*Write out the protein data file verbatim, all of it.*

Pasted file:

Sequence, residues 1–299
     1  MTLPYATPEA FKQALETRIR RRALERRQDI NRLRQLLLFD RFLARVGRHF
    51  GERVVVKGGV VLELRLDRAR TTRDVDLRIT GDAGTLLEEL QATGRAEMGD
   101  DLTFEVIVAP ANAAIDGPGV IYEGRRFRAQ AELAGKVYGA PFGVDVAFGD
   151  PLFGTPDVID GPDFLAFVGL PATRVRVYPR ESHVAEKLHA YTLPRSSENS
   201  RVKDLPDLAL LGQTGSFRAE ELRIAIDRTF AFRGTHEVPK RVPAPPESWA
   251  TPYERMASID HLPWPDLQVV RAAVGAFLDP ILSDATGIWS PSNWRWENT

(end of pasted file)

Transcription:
Sequence, residues 1–299
     1  MTLPYATPEA FKQALETRIR RRALERRQDI NRLRQLLLFD RFLARVGRHF
    51  GERVVVKGGV VLELRLDRAR TTRDVDLRIT GDAGTLLEEL QATGRAEMGD
   101  DLTFEVIVAP ANAAIDGPGV IYEGRRFRAQ AELAGKVYGA PFGVDVAFGD
   151  PLFGTPDVID GPDFLAFVGL PATRVRVYPR ESHVAEKLHA YTLPRSSENS
   201  RVKDLPDLAL LGQTGSFRAE ELRIAIDRTF AFRGTHEVPK RVPAPPESWA
   251  TPYERMASID HLPWPDLQVV RAAVGAFLDP ILSDATGIWS PSNWRWENT